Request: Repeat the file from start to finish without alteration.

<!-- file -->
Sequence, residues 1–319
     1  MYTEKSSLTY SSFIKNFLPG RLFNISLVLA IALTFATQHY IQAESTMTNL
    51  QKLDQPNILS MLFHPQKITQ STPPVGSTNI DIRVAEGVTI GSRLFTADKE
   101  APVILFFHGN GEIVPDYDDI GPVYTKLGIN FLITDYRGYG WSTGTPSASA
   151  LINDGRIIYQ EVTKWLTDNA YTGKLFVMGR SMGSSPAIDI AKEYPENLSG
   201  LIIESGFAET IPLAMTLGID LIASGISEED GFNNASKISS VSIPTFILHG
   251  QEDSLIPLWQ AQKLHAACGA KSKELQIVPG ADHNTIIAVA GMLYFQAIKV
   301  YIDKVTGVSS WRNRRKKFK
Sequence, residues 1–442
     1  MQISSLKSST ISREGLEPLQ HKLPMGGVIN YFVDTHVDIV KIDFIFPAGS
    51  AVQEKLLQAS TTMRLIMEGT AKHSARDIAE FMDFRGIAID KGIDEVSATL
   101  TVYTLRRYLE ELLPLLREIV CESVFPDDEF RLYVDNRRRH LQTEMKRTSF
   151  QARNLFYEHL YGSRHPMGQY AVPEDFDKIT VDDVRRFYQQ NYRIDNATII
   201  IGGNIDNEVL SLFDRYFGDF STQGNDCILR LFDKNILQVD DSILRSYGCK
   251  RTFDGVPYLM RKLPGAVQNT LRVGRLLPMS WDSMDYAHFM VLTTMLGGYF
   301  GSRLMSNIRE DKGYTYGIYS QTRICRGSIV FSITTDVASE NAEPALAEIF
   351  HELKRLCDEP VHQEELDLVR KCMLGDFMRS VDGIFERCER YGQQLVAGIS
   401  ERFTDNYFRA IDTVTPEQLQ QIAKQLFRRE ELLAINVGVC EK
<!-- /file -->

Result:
Sequence, residues 1–319
     1  MYTEKSSLTY SSFIKNFLPG RLFNISLVLA IALTFATQHY IQAESTMTNL
    51  QKLDQPNILS MLFHPQKITQ STPPVGSTNI DIRVAEGVTI GSRLFTADKE
   101  APVILFFHGN GEIVPDYDDI GPVYTKLGIN FLITDYRGYG WSTGTPSASA
   151  LINDGRIIYQ EVTKWLTDNA YTGKLFVMGR SMGSSPAIDI AKEYPENLSG
   201  LIIESGFAET IPLAMTLGID LIASGISEED GFNNASKISS VSIPTFILHG
   251  QEDSLIPLWQ AQKLHAACGA KSKELQIVPG ADHNTIIAVA GMLYFQAIKV
   301  YIDKVTGVSS WRNRRKKFK
Sequence, residues 1–442
     1  MQISSLKSST ISREGLEPLQ HKLPMGGVIN YFVDTHVDIV KIDFIFPAGS
    51  AVQEKLLQAS TTMRLIMEGT AKHSARDIAE FMDFRGIAID KGIDEVSATL
   101  TVYTLRRYLE ELLPLLREIV CESVFPDDEF RLYVDNRRRH LQTEMKRTSF
   151  QARNLFYEHL YGSRHPMGQY AVPEDFDKIT VDDVRRFYQQ NYRIDNATII
   201  IGGNIDNEVL SLFDRYFGDF STQGNDCILR LFDKNILQVD DSILRSYGCK
   251  RTFDGVPYLM RKLPGAVQNT LRVGRLLPMS WDSMDYAHFM VLTTMLGGYF
   301  GSRLMSNIRE DKGYTYGIYS QTRICRGSIV FSITTDVASE NAEPALAEIF
   351  HELKRLCDEP VHQEELDLVR KCMLGDFMRS VDGIFERCER YGQQLVAGIS
   401  ERFTDNYFRA IDTVTPEQLQ QIAKQLFRRE ELLAINVGVC EK